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Space to Think, a new book celebrating ten years of the Dublin Review of Books More Information 

    Ireland Out of England?

    John Wilson Foster
    It has been suggested that a second New Irish Forum should be convened to help dispel unionist fears of the inevitable united Ireland. Perhaps we should instead explore the intimate mutual relations between Ireland and Britain, something of a sore point, it seems, for many Irish.
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    Remembering Lyra

    Dawn Miranda Sherratt-Bado

    ‘We were the Good Friday Agreement generation,’ wrote the journalist Lyra McKee, shot dead by the New IRA while working  in Derry a year ago, ‘destined to never witness the horrors of war but to reap the spoils of peace. The spoils just never seemed to reach us.’


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    End Games

    Liam Kennedy
    More than one future is foreseeable for Northern Ireland. We could have a united Ireland, as Protestants lose their numerical majority. Or we could have a continuation of the link with Britain, not unpopular with all Catholics. But there’s one thing we can be sure of: the future is not Orange.
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    In Deep Doodoo

    Alan O’Farrell
    Scandals which cause huge political ripples and even topple governments can result from both political and civil-service incompetence. A special adviser to Arlene Foster said that during his entire time in Stormont he never once saw minutes of a meeting involving his minister.
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    The Long Road to Peace

    John Swift
    On whether strategic thinking in peace negotiations should outweigh moral considerations, Bertie Ahern’s mind was clear. Isolating the extremes and supporting the moderates would not solve the problem: the challenge was to make peace with your enemies, not your friends.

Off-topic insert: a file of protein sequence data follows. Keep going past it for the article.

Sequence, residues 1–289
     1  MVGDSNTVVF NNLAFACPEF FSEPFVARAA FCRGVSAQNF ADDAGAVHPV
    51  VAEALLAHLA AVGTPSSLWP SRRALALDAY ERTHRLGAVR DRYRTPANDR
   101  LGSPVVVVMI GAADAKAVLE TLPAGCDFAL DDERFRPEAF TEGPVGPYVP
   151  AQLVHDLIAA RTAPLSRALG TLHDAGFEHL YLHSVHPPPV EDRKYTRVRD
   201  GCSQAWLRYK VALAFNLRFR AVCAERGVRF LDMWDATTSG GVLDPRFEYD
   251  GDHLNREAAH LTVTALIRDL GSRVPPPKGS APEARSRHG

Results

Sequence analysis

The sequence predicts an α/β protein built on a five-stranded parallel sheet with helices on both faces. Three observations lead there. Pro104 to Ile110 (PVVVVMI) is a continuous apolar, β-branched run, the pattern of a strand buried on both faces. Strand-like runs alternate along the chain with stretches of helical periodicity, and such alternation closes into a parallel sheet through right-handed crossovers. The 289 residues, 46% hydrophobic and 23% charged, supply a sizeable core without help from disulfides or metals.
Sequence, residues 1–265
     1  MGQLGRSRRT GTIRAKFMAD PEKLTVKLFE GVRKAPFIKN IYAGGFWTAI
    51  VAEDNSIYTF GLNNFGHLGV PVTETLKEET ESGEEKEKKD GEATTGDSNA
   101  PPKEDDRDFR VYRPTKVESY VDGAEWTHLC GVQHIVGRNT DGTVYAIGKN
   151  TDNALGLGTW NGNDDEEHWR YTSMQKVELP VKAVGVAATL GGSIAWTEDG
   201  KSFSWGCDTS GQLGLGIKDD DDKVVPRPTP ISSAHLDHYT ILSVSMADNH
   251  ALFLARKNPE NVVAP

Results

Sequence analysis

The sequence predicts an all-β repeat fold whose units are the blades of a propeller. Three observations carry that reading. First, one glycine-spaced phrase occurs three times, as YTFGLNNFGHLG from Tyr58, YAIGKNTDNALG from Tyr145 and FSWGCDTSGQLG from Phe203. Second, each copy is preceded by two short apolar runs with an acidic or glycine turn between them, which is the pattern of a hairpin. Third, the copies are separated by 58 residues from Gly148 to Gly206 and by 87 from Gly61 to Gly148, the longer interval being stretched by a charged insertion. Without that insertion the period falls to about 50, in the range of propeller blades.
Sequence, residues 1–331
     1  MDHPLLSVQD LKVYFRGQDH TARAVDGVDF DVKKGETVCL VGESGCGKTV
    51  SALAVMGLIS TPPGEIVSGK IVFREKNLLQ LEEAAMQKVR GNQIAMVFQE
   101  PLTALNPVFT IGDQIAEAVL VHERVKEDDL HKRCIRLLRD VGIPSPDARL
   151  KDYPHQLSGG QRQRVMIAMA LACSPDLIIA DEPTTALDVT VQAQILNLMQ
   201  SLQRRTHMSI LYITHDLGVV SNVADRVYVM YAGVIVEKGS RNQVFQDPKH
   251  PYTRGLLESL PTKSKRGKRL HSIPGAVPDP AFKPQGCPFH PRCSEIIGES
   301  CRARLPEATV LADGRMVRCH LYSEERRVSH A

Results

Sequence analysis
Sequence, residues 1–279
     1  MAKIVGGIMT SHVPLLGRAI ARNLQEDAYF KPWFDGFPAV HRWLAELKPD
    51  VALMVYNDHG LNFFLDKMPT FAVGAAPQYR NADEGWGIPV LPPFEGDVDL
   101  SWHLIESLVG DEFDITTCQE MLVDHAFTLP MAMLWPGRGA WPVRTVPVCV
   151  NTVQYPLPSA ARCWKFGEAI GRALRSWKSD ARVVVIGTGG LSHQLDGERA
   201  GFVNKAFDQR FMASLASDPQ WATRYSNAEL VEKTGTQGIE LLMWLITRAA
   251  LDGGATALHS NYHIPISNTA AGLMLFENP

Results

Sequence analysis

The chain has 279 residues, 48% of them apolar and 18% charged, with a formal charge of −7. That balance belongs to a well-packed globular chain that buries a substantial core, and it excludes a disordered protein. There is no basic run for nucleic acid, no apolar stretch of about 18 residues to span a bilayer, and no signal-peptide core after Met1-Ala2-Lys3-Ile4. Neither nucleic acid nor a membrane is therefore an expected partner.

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    Washing the Nation’s Dirty Laundry

    Ursula Quill
    The women interned in mother-and-baby homes not only did forced penance for other people’s sins. They also quite literally washed the laundry of the state, including that of institutions like hospitals, the National Library, Áras an Uachtaráin and the ESB.
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    A Lick of Red Paint

    Henry Patterson
    The most intellectually influential journal of the British Marxist left found itself, over half a century, unable to say anything about the conflict in Ireland. Embarrassed by the sectarianism of the Provo campaign, British leftists nevertheless remained fixated on ‘the anti-imperialist struggle’.
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    Paper-thin Walls

    Andy Storey
    The late Peter Sutherland was ‘among the most influential powerbrokers of the last thirty years or so’. Unfortunately, his biographer’s inability to seriously grapple with his exercise of that power causes the reader to veer between exasperation and, too often, frustrated laughter.
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    Of bishops and nighties

    Farrel Corcoran
    A mildly salacious exchange in 1966 between Gay Byrne and a ‘Late Late’ guest, and the controversy which followed, were often later cited as a classic example of the binary clash between the ‘old’ and the ‘new’ Ireland. But was the controversy largely a media-fuelled affair?
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    The Health of Nations

    John A Hall
    Political scientist Brendan O’Leary has written about Northern Ireland for thirty-five years, keeping abreast of every development and always pushing the politics of accommodation. His new three-volume treatise is a synthesis of everything he knows, whether from his own research or that of others.
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